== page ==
Single institution, single surgeon retrospective review.
To investigate if the use of titanium mesh cage on the site of infection could be beneficial for successful outcome of the operative treatment for pyogenic spondylitis.
There is a controversy concerning the optimal treatment for pyogenic spondylitis regarding approach, instrumentation and staging. This large series reports on single-stage instrumented open and minimally invasive surgery for septic spondylitis.
Twenty-four patients aged 57 ± 16 years suffering from persistent or complicated septic spondylitis were treated by a total of 25 single stage combined surgeries (first: anterior debridement/partial vertebrectomy plus mesh cage filled with autologous bone graft; second: pedicle screw fixation with open and minimal invasive techniques). The indications for surgery included neurologic compromise, significant vertebral body destruction with kyphosis associated with segmental instability, failure of medical treatment, and/or epidural/ paravertebral abscess formation. Needle biopsy was performed in all patients before surgery. Patients were evaluated before and after surgery in terms of pain and neurologic level, sagittal segmental spinal balance, radiologic fusion and recovery.
All but 1 tetraplegic patient with simultaneous cervical and lumbar spondylitis, who died because of massive clot lung embolism 2 months after surgery, were followed for 56 months (range, 31–116 months) The visual analogue scale score improved from 6.5 before surgery to 1.8 after surgery. The segmental kyphotic deformity was corrected at an average of 6°, without cage settling. An insignificant loss of kyphosis correction of an average 0.6° was measured in the thoracolumbar junctiononly. Blood loss, surgical time, and surgical complicationswere significant less in the patients who operated with minimal invasive technique. Patients with incomplete neurologic impairment improved after surgery. Physical function (SF-36) averaged 72 1 year after surgery. All operated patients had resolution of infection. There was neither migration of mesh cage nor posterior instrumentation failure at the last follow-up observation.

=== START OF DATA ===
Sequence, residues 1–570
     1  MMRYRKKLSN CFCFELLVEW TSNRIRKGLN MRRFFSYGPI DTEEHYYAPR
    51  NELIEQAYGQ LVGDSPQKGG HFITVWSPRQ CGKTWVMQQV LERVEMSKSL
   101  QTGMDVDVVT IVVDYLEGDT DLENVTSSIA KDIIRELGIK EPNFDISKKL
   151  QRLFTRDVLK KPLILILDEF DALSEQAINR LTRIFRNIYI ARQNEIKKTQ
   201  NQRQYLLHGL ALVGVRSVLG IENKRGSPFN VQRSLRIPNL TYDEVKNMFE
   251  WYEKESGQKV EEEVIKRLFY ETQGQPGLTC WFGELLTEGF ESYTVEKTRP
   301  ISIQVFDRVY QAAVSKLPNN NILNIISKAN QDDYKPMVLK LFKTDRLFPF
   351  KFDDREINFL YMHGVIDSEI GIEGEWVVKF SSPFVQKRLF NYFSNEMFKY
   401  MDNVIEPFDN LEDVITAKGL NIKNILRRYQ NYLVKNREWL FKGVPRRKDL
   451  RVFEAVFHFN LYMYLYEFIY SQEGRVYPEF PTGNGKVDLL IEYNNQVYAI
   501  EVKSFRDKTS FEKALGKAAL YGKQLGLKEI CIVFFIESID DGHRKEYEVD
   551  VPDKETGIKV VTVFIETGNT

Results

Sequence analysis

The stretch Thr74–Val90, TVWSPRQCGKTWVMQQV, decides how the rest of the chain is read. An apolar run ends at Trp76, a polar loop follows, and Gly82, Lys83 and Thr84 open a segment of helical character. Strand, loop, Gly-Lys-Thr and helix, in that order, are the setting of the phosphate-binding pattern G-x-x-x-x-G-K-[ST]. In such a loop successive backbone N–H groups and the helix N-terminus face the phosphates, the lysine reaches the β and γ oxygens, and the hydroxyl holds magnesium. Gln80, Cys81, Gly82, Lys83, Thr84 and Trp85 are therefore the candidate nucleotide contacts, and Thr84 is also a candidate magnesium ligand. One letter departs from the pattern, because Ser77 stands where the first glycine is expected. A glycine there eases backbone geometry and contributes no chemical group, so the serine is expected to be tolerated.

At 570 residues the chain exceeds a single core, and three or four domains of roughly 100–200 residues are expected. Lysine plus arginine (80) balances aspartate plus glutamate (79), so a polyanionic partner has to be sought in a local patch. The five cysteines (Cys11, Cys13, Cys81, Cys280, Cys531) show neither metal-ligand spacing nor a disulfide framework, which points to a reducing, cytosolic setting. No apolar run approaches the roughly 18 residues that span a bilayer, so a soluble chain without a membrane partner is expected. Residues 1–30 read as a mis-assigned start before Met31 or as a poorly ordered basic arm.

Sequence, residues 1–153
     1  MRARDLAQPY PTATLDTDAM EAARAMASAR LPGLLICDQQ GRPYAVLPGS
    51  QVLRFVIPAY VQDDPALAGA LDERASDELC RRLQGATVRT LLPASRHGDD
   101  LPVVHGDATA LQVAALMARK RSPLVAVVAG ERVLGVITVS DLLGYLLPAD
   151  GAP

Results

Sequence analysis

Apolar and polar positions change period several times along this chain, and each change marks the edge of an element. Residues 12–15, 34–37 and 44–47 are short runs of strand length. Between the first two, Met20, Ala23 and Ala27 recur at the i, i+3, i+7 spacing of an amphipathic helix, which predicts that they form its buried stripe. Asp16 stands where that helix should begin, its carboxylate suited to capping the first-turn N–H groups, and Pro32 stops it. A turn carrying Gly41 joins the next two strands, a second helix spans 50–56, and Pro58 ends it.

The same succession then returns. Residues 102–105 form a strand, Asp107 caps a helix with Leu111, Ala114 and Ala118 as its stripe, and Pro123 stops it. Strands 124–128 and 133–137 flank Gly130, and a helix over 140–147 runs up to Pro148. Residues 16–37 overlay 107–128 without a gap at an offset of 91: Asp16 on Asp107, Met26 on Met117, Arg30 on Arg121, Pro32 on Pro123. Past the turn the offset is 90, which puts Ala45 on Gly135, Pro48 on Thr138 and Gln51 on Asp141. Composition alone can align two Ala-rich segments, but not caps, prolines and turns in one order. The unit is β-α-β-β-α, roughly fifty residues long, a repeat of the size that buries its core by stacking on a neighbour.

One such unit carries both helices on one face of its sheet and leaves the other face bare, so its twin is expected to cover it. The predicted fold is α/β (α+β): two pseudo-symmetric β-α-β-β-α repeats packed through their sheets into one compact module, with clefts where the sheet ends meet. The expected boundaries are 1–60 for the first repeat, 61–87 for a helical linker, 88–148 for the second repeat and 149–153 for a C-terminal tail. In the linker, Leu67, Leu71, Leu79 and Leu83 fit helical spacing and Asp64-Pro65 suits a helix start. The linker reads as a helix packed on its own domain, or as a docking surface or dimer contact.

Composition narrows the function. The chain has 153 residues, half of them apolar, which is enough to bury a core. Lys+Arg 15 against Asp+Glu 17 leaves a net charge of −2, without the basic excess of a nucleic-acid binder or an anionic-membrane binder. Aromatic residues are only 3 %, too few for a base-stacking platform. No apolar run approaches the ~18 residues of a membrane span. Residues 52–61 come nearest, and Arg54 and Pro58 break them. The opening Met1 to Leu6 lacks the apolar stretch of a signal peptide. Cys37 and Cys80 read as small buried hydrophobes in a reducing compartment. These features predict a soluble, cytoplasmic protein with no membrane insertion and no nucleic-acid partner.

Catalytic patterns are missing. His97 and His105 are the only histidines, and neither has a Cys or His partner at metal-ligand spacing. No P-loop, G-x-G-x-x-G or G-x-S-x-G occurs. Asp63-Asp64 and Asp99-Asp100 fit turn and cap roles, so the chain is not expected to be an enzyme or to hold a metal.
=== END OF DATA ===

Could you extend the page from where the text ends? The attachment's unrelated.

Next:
The present study showed that radical debridement of spinal infection and anterior insertion of titanium cage, filled with autogenous bone graft, secured with pedicle screw instrumentation should have had a beneficial influence on the eradication of infection, segmental and global spinal reconstruction and fusion. Supplementary posterior minimal invasive pedicle screw fixation eliminates posterior soft tissue injury and preserves blood supply, and reduces surgical time, blood loss, and surgical complications.
Sick patients with persistent septic spondylitis can successfully undergo instrumented combined, 1-stage, same-day surgery. The presence of the titanium mesh cage, filled with autogenous bone graft, at the site of infection combined with local debridement and supplementary minimal invasive posterior fixation in the lumbosacral spine seem to have a beneficial influence on the eradication of infection, spinal reconstruction and fusion, and reduction of pain.
From the Department of Orthopaedic, General Hospital “Agios Andreas,” Patras, Greece; and *Department of Orthopedics, University of Crete, Greece.
Acknowledgment date: August 22, 2007. First revision date: December 15, 2007. Second revision date: March 13, 2008. Third revision date: May 9, 2008. Acceptance date: May 9, 2008.
The manuscript submitted does not contain information about medical device(s)/drug(s).
No funds were received in support of this work. No benefits in any form have been or will be received from a commercial party related directly or indirectly to the subject of this manuscript.
The authors of this study have received the permission to use their own data from previous publications in the Spine (Ref. No. 13) and Clin Orthop Related Research (Ref. No. 14) from Lippincott and Springer companies respectively.
Address correspondence and reprint requests to Panagiotis G. Korovessis, MD, PhD, Department of Orthopaedic, General Hospital “Agios Andreas,” Patras, Greece; E-mail: email@example.com